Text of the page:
Contact Details

Rm. N-411, House of Representatives, Quezon City, Metro Manila, Philippines
+63 2 931 5497, +63 2 931 5001 local 7370

Human rights defenders (HRDs) will be assured of government protection with the approval by the House Committee on Human Rights of a substitute bill adopting House Bill No. 77 authored by Rep. Edcel. C. Lagman.

The bill provides for rights and guarantees to fully safeguard the efforts and activities of HRDs in promoting, protecting, and fulfilling human rights.

The Committee on Human Rights is chaired by Rep. Bienvenido Abante, who said that he is a human rights defender, while the technical working group which submitted the substitute bill was headed by Rep. Zia Alonto Adiong.

The other HRD protection bill authors are Makabayan bloc Reps. Raoul Manuel, France Castro, and Arlene Brosas.

The substitute bill is largely based on the Model Law for the Recognition and Protection of Human Rights Defenders with respect to the rights of HRDs and the corresponding duties and obligations of the State and public authorities.

This Model Law is endorsed by 28 high-level experts. It was developed by the International Service for Human Rights over a three year period informed by the following key inputs:

  1. Comparative legal research identifying both good practices and restrictive practices in the recognition and protection of defenders covering almost 40 national jurisdictions from all regions;

  2. Face-to-face consultations with over 500 human rights defenders from more than 110 States from all regions, sub-regions and legal traditions;

  3. A monitoring mission and comparative literature review; and

  4. Extensive engagement with high-level human rights experts and jurists in drafting the model law, including a two-day meeting to finalize the draft.

According to Lagman, the emergence of HRDs is both an indictment and a symptom of the failure and neglect of the government to fully protect, promote, and fulfill human rights. HRDs are surrogate defenders due to government’s default in its primary obligation as the official protector of human rights.

“The tragic plight of Filipino HRDs as a result of the relentless persecution against them by the government shamefully aggravates the State’s culpable non-compliance with the constitutional mandate that the ‘State values the dignity of every human person and guarantees full respect for human rights’ ”, Lagman added.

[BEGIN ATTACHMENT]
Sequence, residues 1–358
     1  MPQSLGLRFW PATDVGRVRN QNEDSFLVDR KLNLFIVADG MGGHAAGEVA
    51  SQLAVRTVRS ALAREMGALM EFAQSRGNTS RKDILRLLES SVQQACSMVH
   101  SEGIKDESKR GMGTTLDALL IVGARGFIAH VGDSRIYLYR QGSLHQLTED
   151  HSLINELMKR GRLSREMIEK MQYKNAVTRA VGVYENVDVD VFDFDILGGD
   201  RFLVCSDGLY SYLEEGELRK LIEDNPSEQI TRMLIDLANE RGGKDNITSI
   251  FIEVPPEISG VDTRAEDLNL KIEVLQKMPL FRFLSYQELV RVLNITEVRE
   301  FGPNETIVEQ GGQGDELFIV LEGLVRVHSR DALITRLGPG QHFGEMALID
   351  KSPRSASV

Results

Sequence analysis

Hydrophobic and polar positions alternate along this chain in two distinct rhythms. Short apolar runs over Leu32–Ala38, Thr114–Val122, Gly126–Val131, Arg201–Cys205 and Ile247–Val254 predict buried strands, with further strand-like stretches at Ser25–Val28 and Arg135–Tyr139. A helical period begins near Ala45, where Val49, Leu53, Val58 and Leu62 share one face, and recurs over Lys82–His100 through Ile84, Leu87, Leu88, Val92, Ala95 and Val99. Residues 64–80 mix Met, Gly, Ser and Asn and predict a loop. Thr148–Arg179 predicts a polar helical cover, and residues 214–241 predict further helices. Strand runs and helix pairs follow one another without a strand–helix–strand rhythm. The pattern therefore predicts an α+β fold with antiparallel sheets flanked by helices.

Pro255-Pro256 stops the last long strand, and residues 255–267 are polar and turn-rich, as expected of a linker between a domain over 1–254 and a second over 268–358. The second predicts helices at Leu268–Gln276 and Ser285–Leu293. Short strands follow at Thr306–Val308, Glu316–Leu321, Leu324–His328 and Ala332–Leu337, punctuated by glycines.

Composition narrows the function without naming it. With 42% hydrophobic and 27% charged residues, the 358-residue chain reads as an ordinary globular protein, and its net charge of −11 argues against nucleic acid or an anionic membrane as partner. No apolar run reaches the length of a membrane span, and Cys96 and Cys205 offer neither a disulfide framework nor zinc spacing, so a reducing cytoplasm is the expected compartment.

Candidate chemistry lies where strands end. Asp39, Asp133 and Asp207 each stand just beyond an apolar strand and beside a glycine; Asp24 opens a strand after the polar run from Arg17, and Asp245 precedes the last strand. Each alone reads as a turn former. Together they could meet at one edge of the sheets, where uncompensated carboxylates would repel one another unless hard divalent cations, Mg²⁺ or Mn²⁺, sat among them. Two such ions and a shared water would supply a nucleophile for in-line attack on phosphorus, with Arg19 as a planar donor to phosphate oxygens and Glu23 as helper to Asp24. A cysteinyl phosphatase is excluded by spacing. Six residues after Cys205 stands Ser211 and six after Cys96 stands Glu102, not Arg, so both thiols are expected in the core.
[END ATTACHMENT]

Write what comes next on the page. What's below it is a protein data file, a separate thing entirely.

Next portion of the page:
Among the HRD rights and freedoms this bill seeks to respect, protect and promote are the:

  • Right to promote and protect human rights and fundamental freedoms;

  • Right to form groups, associations and organizations;

  • Right to peaceful assembly;

  • Right to seek, receive and disseminate information;

  • Right to privacy;

  • Right to develop and advocate human rights ideas;

  • Right to solicit, receive and utilize resources;

  • Right to access, communicate and cooperate with international and regional human rights bodies and mechanisms;

  • Right to effective remedy and full reparation;

  • Freedom from intimidation and reprisal; and

  • Freedom of movement.

HRDs’ work embraces the gamut of human rights advocacy: articulation of human rights from civil liberties to health, economic, and cultural rights; training and education; formation of associations; peaceable assembly; monitoring of violations; demands for investigation and accountability; ending impunity; counseling and lawyering; lobbying for protective legislation; coordinating with kindred domestic and international groups; and supporting human rights-based governance and policy.

Previous HRD protection bills had been approved on third and final reading in both the 17th and 18th Congresses and endorsed by Members of the European Parliament, the International Service for Human Rights, and the United Nations Special Rapporteur on the protection of human rights defenders, among others.